- Methylethyl methane
Contains isobutane and n-butane, which are chemically similar. An colorless gas with a faint disagreeable odor.
As producer gas, in manufacture of synthetic rubbers.
Registry Numbers and Inventories.
EC Index Number
Extremely flammable; Carcinogenic Category 1; Mutagenic Category 2
S 9 16 33
Swiss Giftliste 1
Japan ENCS (MITI)
Melting point, °C
Boiling point, °C
Vapor pressure, mmHg
1556 (20 C)
Vapor density (air=1)
Odor Threshold Odor threshold 50,000 ppm
0.579 g/cm3 (20 C0
Solubility in water
61 mg/L (20 C)
0.0074 cp (20 C)
14.87 g/s2 (20 C)
1.3326 (20 C)
1.0 (25 C)
Partition coefficient, pKow
0.002/K at 20 C
Heat of fusion
Heat of vaporization
Heat of combustion
Hazards and Protection.
Keep in a cool, dry, dark location in a tightly sealed container or cylinder. Keep away from incompatible materials, ignition sources and untrained individuals. Secure and label area. Protect containers/cylinders from physical damage.
All chemicals should be considered hazardous. Avoid direct physical contact. Use appropriate, approved safety equipment. Untrained individuals should not handle this chemical or its container. Handling should occur in a chemical fume hood.
Wear appropriate protective gloves, clothing and goggles. Always wear thermal protective clothing when handling refrigerated/cryogenic liquids.
Self-contained breathing apparatus and safety goggles.
ELIMINATE all ignition sources (no smoking, flares, sparks or flames in immediate area). All equipment used when handling the product must be grounded. Do not touch or walk through spilled material. Stop leak if you can do it without risk. If possible, turn leaking containers so that gas escapes rather than liquid. Use water spray to reduce vapors or divert vapor cloud drift. Avoid allowing water runoff to contact spilled material. Do not direct water at spill or source of leak. Prevent spreading of vapors through sewers, ventilation systems and confined areas. Isolate area until gas has dispersed. CAUTION: When in contact with refrigerated/cryogenic liquids, many materials become brittle and are likely to break without warning.
Incompatible with strong oxidizing agents such as nitric acid.
Upper exp. limit, %
Lower exp. limit, %
DO NOT EXTINGUISH A LEAKING GAS FIRE UNLESS LEAK CAN BE STOPPED. SMALL FIRES: Dry chemical or carbon dioxide. LARGE FIRES: Water spray or fog. Move containers from fire area if you can do it without risk. FIRE INVOLVING TANKS: Fight fire from maximum distance or use unmanned hose holders or monitor nozzles. Cool containers with flooding quantities of water until well after fire is out. Do not direct water at source of leak or safety devices; icing may occur. Withdraw immediately in case of rising sound from venting safety devices or discoloration of tank. ALWAYS stay away from tanks engulfed in fire. For massive fire, use unmanned hose holders or monitor nozzles; if this is impossible, withdraw from area and let fire burn.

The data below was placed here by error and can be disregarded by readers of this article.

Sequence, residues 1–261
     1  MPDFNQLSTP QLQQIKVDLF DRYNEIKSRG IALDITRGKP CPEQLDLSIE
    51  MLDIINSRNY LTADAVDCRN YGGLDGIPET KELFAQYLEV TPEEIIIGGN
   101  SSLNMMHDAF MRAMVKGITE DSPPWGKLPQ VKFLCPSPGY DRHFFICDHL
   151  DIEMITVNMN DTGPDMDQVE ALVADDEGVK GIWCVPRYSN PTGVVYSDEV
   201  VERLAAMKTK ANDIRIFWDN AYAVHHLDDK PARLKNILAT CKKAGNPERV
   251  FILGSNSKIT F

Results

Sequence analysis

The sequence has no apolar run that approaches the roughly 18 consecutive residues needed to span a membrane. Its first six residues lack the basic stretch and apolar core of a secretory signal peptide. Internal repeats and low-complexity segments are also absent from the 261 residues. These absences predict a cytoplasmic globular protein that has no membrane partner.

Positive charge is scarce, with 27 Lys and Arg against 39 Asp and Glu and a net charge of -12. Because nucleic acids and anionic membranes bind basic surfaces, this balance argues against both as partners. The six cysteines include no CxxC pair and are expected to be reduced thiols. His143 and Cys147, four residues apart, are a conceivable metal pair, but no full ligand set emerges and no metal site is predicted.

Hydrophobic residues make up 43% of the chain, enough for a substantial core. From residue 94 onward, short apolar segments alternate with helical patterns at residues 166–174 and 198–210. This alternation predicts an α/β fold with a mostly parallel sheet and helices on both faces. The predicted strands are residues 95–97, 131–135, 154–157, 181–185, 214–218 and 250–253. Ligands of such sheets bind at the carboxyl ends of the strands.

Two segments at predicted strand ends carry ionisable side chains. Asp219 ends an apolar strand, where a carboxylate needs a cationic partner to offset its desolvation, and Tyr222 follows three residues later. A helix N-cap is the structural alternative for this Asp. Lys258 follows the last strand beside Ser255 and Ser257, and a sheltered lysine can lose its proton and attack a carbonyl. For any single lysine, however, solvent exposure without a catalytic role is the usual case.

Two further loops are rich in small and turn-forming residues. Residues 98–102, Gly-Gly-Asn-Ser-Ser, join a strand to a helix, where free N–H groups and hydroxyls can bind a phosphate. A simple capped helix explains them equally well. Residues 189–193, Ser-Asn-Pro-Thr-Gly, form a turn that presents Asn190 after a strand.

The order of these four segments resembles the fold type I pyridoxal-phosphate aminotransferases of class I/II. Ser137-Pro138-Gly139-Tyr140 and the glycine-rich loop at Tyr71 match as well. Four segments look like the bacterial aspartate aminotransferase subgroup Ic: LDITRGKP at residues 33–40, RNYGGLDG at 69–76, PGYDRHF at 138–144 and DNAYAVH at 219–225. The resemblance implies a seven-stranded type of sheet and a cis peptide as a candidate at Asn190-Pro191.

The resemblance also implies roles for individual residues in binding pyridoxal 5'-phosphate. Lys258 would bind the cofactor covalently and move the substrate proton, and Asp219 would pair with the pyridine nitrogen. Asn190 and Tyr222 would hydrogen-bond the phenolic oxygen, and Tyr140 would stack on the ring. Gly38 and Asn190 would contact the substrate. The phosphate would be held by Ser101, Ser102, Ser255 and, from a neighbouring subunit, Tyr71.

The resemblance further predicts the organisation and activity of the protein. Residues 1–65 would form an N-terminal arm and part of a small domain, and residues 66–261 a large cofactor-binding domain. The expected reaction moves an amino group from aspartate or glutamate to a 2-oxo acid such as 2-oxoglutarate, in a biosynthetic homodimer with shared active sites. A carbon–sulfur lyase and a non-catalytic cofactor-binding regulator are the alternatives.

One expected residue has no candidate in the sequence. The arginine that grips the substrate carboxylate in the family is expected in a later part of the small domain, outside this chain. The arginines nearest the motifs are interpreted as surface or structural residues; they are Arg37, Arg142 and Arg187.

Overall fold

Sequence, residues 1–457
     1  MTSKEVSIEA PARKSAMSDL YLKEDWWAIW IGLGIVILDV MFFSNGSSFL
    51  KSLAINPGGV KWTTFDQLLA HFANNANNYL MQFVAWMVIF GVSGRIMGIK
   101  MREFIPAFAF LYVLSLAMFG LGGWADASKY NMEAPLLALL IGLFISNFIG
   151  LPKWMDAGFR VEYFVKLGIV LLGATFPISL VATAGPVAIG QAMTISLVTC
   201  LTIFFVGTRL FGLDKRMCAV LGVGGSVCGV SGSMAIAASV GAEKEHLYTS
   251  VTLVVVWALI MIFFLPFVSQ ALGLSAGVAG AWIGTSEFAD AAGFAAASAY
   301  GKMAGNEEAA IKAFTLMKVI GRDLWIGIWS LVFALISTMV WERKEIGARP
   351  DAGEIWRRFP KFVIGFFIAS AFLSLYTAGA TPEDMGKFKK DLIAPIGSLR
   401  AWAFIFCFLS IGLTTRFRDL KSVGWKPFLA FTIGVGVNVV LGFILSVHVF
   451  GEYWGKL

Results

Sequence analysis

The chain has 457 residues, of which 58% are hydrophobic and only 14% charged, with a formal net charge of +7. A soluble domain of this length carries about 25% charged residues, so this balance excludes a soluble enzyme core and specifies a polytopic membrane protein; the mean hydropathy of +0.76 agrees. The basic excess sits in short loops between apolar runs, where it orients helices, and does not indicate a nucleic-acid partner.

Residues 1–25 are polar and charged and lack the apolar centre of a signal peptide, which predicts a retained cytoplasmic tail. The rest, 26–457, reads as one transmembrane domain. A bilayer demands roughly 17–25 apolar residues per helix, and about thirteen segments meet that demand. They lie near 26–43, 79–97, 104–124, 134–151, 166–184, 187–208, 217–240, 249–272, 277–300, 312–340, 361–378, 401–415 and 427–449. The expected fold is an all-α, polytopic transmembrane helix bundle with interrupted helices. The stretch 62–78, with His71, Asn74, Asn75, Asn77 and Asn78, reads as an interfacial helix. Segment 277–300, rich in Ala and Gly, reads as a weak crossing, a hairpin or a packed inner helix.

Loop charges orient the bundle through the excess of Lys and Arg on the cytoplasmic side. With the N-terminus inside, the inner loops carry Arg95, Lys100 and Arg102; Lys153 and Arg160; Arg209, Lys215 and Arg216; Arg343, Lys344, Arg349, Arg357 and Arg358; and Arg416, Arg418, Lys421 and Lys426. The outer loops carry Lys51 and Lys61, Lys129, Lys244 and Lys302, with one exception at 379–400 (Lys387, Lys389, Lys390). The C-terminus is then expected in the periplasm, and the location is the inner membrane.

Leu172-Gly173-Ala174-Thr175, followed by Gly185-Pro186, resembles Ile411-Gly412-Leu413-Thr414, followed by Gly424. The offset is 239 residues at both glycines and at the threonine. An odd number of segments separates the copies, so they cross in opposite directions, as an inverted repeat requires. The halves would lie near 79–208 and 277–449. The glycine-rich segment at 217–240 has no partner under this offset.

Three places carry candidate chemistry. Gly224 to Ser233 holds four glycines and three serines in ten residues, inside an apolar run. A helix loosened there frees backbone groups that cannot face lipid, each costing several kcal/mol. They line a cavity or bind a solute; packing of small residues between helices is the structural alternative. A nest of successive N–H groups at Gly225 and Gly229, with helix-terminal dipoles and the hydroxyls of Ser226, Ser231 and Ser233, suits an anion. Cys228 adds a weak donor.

Vapors from liquefied gas are initially heavier than air and spread along ground. Vapors may travel to source of ignition and flash back. Containers may explode when heated. Ruptured cylinders may rocket.
When heated, emits acrid fumes.
Rapid breathing and rapid heart rate are common. In severe cases abnormally low blood pressure, apnea, and cardiac arrest develop. Various disturbances including headache, dizziness, mood disturbances, numbness of the extremities, sleepiness, mental confusion, poor judgement and coordination, and memory loss may occur. Prolonged or severe hypoxia results in unconsciousness. Prolonged asphyxia may produce CNS injury. Hemiparesis has been reported with volatile substance abuse. Cerebral edema with brainstem herniation may occur. Seizures have been reported following intentional inhalation.
Nausea, vomiting, and gastrointestinal hemorrhage may develop.
Hyperventilation may develop.
Dermal exposure may cause frostbite injury. Severe tissue burns have been reported.
Decreases in night vision, visual acuity, and visual fields (tunnel vision) may occur. Frothy mucous may be seen.
This compound is a gas, therefore inhalation is the first route of exposure.
IMMEDIATELY leave the contaminated area; take deep breaths of fresh air. If symptoms (such as wheezing, coughing, shortness of breath, or burning in the mouth, throat, or chest) develop, call a physician and be prepared to transport the victim to a hospital. Provide proper respiratory protection to rescuers entering an unknown atmosphere. Whenever possible, Self-Contained Breathing Apparatus (SCBA) should be used.
CAUTION: Exposure of skin to compressed gases may result in freezing of the skin. Treatment for frostbite may be necessary. Remove the victim from the source of contamination. IMMEDIATELY wash affected areas gently with COLD water (and soap, if necessary) while removing and isolating all contaminated clothing. Dry carefully with clean, soft towels. If symptoms such as inflammation or irritation develop, IMMEDIATELY call a physician or go to a hospital for treatment.
First check the victim for contact lenses and remove if present. Flush victim's eyes with water or normal saline solution for 20 to 30 minutes while simultaneously calling a hospital or poison control center. Do not put any ointments, oils, or medication in the victim's eyes without specific instructions from a physician. If symptoms (such as redness or irritation) develop, immediately transport the victim to a hospital.